A look at the most impactful of 71 new Nevada state laws
CARSON CITY, Nev. — A total of 71 new laws took effect Jan. 1, including the mandate to implement automatic voter registration; barring insurance companies from denying a person coverage because of pre-existing conditions; and prohibiting the sale of vaping products to anyone under age 18.
The following is a sampling of some of those laws:
AB131 tightens the rules governing who can work in community based living arrangement services for those with developmental disabilities or mental illness. It adds community based service providers to the list of those already prohibited from working in hospitals and homes and requires background checks for new employees. It also provides for a study of training requirements and standards for workers providing those services including contractors.
AB132 prohibits denying some one employment because of the presence of marijuana in a screening test. The law doesn’t apply to certain professions such as law enforcement.
AB170 was written to protect the Affordable Care Act’s mandate prohibiting insurers from denying coverage because of pre-existing conditions. It also prohibits charging some one a higher premium, deductible or copay based on pre-existing conditions.
AB176 enacts the sexual assault survivor’s Bill of Rights, including protections during a forensic exam and interviews with law enforcement officials or prosecutors. The bill affords the survivor the right to counsel and sets out procedures regarding collection and analysis of forensic analysis kits. It also prohibits a defendant from challenging their conviction based on failure to follow collection and analysis timelines. It further provides the survivor the right to be reasonably protected from the defendant, prohibits imposing a requirement of a polygraph exam on the survivor.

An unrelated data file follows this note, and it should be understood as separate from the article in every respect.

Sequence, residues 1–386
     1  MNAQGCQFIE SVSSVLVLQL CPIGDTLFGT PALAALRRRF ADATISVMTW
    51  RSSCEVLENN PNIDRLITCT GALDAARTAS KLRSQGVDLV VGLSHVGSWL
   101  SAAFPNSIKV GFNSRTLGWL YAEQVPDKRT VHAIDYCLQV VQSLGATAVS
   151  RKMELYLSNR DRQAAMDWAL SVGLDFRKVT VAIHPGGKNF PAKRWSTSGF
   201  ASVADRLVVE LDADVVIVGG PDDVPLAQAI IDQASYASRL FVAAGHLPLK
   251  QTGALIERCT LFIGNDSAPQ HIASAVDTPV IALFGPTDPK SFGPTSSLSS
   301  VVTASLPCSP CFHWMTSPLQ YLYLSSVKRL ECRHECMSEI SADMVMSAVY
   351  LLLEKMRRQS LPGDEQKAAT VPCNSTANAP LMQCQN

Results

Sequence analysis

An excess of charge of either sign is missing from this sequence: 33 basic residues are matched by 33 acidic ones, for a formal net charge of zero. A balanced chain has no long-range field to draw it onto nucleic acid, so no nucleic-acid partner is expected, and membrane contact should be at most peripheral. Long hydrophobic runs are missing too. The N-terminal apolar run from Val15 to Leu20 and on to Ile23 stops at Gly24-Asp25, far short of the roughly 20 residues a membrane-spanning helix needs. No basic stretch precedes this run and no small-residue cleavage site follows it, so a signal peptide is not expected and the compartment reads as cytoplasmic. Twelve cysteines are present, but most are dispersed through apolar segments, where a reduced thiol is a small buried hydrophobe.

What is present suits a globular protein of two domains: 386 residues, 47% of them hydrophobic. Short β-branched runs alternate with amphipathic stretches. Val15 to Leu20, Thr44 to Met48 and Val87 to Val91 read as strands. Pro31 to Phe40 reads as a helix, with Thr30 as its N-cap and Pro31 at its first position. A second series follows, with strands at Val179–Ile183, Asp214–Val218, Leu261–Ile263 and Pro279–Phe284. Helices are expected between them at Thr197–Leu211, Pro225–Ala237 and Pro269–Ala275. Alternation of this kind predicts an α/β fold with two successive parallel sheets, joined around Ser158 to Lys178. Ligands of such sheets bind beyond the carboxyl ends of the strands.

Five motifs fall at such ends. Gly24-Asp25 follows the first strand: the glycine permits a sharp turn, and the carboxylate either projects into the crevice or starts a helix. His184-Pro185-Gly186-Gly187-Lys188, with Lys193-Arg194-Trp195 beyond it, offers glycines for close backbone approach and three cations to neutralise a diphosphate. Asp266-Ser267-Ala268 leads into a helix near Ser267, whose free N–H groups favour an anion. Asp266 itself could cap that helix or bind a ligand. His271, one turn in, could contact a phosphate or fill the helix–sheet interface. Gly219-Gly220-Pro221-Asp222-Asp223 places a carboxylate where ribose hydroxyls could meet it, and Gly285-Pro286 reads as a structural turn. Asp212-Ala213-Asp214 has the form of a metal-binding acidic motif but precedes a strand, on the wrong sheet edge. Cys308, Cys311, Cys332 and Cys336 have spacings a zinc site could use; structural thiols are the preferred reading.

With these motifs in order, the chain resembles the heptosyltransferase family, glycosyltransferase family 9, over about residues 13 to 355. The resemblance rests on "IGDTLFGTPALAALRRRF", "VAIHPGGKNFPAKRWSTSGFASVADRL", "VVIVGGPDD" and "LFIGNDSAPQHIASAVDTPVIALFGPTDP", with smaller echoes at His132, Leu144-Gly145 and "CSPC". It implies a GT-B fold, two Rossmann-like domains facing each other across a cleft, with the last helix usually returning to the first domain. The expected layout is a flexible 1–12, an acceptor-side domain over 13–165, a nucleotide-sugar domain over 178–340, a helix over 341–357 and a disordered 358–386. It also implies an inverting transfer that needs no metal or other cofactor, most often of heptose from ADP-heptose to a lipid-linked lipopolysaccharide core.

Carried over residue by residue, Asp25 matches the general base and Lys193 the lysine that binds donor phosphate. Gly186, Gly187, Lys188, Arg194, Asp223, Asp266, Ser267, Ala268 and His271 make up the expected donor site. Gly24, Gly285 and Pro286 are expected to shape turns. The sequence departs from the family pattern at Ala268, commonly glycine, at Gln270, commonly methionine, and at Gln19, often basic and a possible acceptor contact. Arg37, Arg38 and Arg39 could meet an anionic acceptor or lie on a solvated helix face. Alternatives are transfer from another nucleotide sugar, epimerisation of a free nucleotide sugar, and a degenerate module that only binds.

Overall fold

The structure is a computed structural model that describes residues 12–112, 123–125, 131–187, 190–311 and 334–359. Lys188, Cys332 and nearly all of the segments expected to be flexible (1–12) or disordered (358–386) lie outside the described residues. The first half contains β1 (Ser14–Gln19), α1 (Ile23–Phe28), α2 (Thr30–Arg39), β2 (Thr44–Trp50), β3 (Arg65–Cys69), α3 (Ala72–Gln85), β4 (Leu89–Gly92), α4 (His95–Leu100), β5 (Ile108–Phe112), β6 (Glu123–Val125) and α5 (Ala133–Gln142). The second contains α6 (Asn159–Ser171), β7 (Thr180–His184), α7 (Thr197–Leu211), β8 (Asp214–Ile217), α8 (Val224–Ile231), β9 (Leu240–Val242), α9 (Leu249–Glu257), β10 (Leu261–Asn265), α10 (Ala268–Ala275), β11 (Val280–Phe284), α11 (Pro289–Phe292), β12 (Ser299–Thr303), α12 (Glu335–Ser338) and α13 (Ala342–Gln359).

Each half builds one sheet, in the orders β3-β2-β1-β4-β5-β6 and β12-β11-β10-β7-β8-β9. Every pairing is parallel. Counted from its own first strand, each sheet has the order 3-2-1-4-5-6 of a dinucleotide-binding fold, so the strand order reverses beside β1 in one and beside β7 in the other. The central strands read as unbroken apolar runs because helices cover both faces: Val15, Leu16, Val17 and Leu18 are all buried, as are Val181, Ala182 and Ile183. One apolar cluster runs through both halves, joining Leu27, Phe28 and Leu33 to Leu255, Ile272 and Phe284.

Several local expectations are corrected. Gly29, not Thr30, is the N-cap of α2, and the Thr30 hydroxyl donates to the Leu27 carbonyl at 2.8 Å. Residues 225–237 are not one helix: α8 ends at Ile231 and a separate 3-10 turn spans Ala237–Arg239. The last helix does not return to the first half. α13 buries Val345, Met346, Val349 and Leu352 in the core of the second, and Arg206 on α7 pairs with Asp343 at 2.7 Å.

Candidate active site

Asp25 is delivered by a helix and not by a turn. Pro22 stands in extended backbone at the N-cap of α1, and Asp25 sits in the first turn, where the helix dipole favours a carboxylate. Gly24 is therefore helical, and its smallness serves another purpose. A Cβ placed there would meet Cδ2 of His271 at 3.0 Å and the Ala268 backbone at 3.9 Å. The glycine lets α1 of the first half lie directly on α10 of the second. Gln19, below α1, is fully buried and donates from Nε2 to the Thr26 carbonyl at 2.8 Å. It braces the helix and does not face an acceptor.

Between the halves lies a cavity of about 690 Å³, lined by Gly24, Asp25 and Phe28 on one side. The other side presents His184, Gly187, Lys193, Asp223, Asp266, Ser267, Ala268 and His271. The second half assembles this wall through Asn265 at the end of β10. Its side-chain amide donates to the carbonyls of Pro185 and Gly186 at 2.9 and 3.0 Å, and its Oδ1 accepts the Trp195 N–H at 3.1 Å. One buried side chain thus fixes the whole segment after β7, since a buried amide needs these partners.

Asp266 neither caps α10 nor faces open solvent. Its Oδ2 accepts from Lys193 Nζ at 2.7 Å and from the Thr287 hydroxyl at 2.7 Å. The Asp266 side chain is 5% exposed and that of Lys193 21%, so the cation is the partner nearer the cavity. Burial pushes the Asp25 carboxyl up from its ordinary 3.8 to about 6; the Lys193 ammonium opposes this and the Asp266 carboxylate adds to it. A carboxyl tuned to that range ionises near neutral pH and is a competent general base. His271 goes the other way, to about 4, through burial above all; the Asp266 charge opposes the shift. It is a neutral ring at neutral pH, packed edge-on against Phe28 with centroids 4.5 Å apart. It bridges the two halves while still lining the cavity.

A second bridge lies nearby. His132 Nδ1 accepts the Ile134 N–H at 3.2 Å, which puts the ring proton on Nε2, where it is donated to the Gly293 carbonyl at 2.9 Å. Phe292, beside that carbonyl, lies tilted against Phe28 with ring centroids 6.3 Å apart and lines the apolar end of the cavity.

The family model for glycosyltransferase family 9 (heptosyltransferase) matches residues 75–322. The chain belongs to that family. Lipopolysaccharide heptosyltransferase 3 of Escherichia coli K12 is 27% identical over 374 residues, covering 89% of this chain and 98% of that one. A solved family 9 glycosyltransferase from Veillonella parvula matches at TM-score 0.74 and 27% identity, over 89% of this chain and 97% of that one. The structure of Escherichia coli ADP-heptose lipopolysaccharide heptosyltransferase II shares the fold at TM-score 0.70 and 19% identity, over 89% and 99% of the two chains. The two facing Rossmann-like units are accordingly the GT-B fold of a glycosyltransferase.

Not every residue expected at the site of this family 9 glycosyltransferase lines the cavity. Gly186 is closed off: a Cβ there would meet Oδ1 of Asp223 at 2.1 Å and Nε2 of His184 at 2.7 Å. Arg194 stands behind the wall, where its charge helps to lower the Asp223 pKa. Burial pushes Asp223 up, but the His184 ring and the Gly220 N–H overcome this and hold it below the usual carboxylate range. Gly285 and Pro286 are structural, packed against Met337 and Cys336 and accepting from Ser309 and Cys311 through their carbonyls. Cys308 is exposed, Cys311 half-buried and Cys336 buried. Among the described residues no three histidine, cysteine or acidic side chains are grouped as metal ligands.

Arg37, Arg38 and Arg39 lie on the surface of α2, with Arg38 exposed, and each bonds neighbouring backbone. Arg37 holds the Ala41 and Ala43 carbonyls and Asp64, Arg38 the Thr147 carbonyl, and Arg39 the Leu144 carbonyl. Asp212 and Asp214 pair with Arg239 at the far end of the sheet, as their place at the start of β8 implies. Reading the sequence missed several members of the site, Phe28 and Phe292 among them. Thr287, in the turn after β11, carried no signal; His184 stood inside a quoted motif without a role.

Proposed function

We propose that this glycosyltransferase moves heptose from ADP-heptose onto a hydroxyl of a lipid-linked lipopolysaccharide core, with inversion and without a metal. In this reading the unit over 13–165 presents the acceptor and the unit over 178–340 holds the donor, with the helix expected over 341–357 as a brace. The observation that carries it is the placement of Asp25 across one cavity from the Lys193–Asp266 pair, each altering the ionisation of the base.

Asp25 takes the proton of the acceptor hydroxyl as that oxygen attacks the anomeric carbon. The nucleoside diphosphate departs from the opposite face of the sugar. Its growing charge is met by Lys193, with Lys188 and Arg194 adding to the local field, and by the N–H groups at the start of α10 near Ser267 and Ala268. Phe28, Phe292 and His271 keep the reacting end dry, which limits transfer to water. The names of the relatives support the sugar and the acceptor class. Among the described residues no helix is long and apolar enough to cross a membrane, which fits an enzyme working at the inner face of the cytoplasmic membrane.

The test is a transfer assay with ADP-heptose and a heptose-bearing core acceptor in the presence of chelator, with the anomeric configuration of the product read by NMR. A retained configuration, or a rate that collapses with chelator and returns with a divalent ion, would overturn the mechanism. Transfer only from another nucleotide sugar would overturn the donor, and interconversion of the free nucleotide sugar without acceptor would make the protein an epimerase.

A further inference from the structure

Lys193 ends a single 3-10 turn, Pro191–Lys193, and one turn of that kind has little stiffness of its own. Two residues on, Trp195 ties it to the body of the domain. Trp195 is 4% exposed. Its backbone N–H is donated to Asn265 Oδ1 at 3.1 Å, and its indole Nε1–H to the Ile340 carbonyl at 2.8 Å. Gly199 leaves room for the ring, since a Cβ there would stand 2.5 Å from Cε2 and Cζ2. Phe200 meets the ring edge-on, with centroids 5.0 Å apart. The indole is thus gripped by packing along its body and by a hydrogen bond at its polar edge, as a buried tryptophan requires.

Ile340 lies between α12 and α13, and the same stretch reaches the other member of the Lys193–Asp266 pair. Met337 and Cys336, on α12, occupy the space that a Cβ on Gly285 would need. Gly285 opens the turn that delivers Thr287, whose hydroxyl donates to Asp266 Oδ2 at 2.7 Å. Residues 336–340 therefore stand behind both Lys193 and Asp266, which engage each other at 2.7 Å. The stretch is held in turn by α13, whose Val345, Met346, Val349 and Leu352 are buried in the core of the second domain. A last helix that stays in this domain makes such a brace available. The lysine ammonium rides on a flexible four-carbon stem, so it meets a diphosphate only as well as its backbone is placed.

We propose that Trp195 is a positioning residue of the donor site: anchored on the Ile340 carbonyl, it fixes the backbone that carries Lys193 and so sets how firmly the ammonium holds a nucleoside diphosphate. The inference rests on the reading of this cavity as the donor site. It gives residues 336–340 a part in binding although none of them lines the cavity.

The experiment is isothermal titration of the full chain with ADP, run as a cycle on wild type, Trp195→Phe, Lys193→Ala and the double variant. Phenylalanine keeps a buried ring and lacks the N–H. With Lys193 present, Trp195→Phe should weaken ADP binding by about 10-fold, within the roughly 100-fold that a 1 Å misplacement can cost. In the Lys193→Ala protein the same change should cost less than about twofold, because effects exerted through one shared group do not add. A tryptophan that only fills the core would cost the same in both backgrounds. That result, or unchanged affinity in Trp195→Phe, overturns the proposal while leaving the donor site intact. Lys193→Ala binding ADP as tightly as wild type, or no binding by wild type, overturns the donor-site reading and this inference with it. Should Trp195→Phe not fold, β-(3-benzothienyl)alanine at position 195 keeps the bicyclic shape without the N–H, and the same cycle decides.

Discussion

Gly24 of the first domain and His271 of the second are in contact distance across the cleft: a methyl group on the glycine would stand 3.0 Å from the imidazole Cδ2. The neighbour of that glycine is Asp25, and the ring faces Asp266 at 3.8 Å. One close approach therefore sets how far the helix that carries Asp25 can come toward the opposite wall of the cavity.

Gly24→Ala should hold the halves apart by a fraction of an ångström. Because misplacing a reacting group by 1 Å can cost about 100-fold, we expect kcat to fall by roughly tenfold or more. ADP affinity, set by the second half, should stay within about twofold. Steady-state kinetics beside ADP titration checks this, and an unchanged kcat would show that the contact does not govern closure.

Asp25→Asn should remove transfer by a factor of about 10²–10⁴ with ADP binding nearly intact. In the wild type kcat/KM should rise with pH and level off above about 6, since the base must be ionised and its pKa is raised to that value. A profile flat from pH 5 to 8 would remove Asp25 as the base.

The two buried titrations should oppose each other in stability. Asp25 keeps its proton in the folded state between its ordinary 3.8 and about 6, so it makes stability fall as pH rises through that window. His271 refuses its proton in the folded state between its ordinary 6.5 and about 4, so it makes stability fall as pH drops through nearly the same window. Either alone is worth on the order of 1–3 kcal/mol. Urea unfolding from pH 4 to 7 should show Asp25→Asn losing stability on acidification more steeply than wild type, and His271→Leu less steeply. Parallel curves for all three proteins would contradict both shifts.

AB124 is a companion measure to AB176 that requires the creation and distribution of documents that provide information to sexual assault victims. The document would be provided to victims at the hospital or emergency treatment center.
AB291 bans bump stock modifications and institutes so-called “red flag” laws. “Red flag” laws allow people to petition the courts to temporarily take away guns from family members who could be considered dangerous. The law allows family members, household members and law enforcement to petition the courts. If the court decides to take away a firearm, the subject of the confiscation has to turn them over or the court will issue a warrant to seize the guns. The law also bans bump stocks.
AB345 implements the Automatic Voter Registration system requiring DMV to register all customers unless they specifically opt out and to forward their information to the appropriate county election official. It allows people to register to vote during early voting and as late as election day in certain circumstances and to vote on all races on the ballot. But that ballot will be considered provisional and not counted until the person’s eligibility to vote is confirmed. The bill also requires county clerks to create one or more polling places where any person entitled to vote in that county can do so on the day of a primary or general election.